Fortunately, there’s a thick pile of paperwork for the Espada, which was sold new in Switzerland and remained with its first owner for 15 years. And, thanks to the power of the internet, I may be able to track him down.

    The invoices show that the first owner was a Dr Urs Blum, who worked for a family firm of patent lawyers in Zurich. Dr Blum was clearly a man of catholic tastes, because there’s a garage invoice dated 1975 for work on three cars owned by him: the Espada, a Cadillac and a Range Rover!

    It turns out that Dr Blum was the Swiss representative of the International Lamborghini Club, too. I know this from a photocopied page Of a book that shows pictures of ‘my’ Espada (I have a 50:50 share with Octane contributor Richard Heseltine) and mentions that it had an exposed metal gearshift gate specially fitted by the factory. Unfortunately, all I know about the book is that it’s in English, the relevant page is 68, and it was published in 1983 – does that sound familiar to anyone?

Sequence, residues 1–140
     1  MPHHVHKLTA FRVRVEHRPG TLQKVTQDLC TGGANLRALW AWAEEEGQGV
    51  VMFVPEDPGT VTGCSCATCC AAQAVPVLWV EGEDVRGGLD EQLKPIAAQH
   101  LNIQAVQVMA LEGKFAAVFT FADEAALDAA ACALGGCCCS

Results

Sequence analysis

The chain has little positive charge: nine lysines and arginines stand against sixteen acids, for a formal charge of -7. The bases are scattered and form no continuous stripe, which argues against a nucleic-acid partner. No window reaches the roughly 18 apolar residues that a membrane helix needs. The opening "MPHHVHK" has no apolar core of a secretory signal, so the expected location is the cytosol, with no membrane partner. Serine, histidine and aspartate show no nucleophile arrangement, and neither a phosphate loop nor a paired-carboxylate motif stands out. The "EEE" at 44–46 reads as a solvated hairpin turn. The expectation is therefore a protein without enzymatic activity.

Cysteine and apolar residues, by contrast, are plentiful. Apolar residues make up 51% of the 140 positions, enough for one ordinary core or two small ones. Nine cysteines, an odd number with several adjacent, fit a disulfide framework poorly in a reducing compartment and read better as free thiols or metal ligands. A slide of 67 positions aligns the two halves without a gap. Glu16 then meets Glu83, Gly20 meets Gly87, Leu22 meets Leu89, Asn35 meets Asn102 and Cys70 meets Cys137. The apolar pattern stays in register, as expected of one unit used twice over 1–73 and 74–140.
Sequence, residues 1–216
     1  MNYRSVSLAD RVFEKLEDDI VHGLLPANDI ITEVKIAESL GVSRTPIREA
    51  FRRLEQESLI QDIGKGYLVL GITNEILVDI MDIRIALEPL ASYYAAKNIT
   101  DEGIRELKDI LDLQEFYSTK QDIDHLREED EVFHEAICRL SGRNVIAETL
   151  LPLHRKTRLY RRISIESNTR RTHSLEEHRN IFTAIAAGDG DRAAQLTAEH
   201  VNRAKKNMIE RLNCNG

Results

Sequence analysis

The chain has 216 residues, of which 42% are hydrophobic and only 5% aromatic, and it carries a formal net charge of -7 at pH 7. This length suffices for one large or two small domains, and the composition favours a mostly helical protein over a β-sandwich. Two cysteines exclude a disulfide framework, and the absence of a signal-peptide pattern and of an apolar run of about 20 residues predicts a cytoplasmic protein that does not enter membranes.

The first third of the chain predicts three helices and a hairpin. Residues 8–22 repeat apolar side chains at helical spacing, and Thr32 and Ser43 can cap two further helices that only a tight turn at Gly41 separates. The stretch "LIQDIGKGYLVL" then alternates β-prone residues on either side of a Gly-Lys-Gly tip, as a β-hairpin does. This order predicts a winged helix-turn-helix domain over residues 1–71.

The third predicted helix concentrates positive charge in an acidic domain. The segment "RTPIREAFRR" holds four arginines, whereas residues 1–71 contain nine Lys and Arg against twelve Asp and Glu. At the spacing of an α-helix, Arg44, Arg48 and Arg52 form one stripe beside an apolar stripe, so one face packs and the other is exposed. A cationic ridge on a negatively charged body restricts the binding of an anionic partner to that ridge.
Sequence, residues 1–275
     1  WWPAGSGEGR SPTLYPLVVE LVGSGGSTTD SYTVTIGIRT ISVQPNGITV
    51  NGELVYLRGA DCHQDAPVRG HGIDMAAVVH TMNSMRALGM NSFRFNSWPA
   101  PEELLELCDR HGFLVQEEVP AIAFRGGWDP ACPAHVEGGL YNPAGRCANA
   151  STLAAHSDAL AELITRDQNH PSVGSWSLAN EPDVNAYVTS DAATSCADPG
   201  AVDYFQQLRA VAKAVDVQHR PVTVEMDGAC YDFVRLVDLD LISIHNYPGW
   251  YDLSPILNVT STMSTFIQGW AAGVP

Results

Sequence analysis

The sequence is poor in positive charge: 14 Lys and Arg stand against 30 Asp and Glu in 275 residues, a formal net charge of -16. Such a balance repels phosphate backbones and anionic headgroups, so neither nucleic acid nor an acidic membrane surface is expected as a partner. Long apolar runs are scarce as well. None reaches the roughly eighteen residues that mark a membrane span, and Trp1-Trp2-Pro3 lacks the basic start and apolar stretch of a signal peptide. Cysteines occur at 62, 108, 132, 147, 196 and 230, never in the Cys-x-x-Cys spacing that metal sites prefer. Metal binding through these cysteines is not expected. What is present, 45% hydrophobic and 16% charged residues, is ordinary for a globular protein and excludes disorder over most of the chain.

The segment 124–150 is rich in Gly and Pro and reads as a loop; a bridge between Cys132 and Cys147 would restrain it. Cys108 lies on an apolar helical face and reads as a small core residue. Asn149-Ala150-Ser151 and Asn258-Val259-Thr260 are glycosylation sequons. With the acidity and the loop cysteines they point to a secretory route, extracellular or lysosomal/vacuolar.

It took mere seconds to find a website for the Blum law firm, which helpfully provides biographies of the family members. This shows that Dr Blum didn’t retire until 2006, so I’m very much hoping that he’ll still be hale and hearty, and willing to share some memories of his time with the Espada when it was new.

    Back in the present, we’re getting very close to fully sorting the car. In last month’s Octane Cars I described how having the front brake calipers rebuilt had almost, but not quite, cured an alarming pull to the right under braking. I felt sure that the residual problem lay with the steering, and I’m now feeling rather smug because it turns out I was right.